It’s safe to say that 2020 has not turned out quite the way that anyone planned.
As we continue to learn how to navigate this unprecedented year, people all around the world are being forced to cancel their former vacation plans. This might mean foregoing a week at the beach or postponing a much-anticipated trip to the mountains.
As you’re rearranging your schedule, have you considered booking a cruise instead?
If you believe everything that the media delivers, it’s easy to see why you’d furrow your brow at this question. “Wait,” you might ask, “Are cruise ships clean? Aren’t they floating Petri dishes, filled with germs and bacteria at every corner?”
Not hardly. Today, we’re pulling back the curtain and shedding light on this common misconception. Read on to discover why you’re likely safer on our ships than in many places on land, and why it’s time to shed your preconceived notions of what a cruise experience can look like.
1. Industry-Regulated Sanitation
On any given cruise line, housekeeping and maintenance teams aren’t simply going through half-hearted motions when they set out to clean. Rather, they’re following strict industry guidelines set forth to ensure that each ship is as clean and sanitary as possible.
The U.S. Centers for Disease Control and Prevention (CDC) has established a stringent Vessel Sanitation Program to help prevent the introduction, transmission and overall spread of illnesses on cruise ships, especially those that impact passengers’ gastrointestinal (GI) systems.
This infographic helps explain each of the eight areas that VSP inspects on every cruise ship. This inspection process includes thorough and laborious procedures meant to ensure the safety and security of each of these assets:
- Cruise line medical centers
- Portable water systems
- Galleys and dining rooms
- Swimming pools and whirlpools
- Housekeeping procedures
- Pest and insect management
- Child activity centers
- Heating, ventilation and air conditioning (HVAC)
At any time, current and prospective passengers alike can visit the CDC’s website to learn how well their specific cruise line performed on all of its VSP inspections. This site also lists the corrective actions taken to remedy any issues discovered during the inspection process. Using the same search portal, users can also find ships that recently scored a perfect 100 on their inspection!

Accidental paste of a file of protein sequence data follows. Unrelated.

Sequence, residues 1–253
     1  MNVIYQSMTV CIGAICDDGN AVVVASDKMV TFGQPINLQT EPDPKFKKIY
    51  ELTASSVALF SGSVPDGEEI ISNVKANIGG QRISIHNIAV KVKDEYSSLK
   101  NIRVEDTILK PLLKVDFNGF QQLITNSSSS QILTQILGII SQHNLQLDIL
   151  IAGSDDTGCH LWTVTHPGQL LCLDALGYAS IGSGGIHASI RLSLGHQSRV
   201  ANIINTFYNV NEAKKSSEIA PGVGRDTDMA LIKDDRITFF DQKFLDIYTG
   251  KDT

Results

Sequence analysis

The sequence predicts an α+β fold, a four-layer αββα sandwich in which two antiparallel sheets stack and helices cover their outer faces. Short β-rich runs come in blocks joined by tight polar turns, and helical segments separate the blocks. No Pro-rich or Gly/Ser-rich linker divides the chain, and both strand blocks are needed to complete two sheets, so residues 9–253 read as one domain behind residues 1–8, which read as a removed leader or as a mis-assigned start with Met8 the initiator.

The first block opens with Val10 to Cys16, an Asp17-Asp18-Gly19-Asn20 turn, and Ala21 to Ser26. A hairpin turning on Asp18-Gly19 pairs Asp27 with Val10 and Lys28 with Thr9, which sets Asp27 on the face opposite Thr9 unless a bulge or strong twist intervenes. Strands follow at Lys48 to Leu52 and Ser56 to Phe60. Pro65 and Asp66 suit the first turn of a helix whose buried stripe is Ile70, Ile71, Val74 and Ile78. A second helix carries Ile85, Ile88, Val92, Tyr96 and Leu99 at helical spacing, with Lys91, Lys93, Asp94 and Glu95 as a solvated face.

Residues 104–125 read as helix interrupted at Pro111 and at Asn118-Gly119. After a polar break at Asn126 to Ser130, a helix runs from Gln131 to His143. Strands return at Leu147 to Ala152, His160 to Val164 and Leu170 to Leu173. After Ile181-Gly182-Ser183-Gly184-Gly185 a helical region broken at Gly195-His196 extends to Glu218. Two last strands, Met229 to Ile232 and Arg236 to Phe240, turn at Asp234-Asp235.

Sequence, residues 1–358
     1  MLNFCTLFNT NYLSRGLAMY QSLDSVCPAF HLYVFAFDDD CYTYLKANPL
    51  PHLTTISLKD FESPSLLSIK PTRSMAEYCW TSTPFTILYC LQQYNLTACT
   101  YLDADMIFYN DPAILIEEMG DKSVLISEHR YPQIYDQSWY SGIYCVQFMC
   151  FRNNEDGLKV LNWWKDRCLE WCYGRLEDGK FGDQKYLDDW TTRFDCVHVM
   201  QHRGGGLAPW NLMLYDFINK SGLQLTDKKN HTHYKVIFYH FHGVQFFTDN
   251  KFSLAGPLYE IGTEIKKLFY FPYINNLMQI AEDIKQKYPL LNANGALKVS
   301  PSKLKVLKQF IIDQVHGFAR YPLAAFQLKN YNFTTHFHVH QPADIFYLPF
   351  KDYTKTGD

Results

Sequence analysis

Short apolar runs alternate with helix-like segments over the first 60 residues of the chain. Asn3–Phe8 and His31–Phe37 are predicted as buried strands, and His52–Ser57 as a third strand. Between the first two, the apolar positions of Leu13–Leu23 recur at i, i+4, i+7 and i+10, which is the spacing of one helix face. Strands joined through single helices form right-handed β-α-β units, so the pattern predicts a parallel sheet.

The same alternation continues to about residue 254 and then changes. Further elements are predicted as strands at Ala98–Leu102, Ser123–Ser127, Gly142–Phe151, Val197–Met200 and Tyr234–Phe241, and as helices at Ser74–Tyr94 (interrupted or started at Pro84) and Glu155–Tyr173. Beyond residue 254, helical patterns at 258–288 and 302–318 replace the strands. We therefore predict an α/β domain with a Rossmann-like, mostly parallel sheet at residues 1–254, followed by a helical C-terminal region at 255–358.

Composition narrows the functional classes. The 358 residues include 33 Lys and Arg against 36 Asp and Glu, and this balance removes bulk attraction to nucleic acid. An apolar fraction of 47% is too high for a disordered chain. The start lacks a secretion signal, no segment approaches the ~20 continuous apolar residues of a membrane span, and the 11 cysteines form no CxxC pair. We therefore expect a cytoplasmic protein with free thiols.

While the CDC has inspected more than 200 active cruise ships, most receive a score of nearly 90 on the 100-point scale. If a cruise ship does not make a passing grade, it cannot sail until it corrects the issues noted. All cruise lines are subjected to two unannounced CDC inspections per year.
2. Misinformation in the Media
One of the reasons you’re likely a little nervous about boarding a cruise ship? Everywhere you look, it might seem like the media is portraying this way of travel as highly unsafe, pointing to cases of acute GI illnesses (noroviruses) that have been found onboard.
Any time you carry as many passengers as a cruise ship can hold, your opportunity for contact and cross-contamination naturally increases. However, the CDC itself reveals that GI illnesses are, in reality, relatively infrequent on cruise lines.
The agency recently reviewed data that spanned from 2008 and 2014. During that six-year timeframe, 74 million passengers sailed on cruise ships covered by the VSP’s jurisdiction.
Of that number, only 129,678 passengers developed what the program defines as an acute GI illness. Moreover, only one in 10 of those illnesses were associated with a more widespread norovirus outbreak. In addition, another report reveals that while there were 31 million people who vacationed on cruise ships last year, there were only 1,038 reported cases of norovirus. That equals 0.003 percent.
Yet, your news channel may make it seem as though these instances are far more common.
Why is this the case?
Health officials are legally required to track any illnesses that occur on a cruise ship. As such, outbreaks are discovered and reported more frequently on sea than on land.
3. Hyper-Vigilant Passengers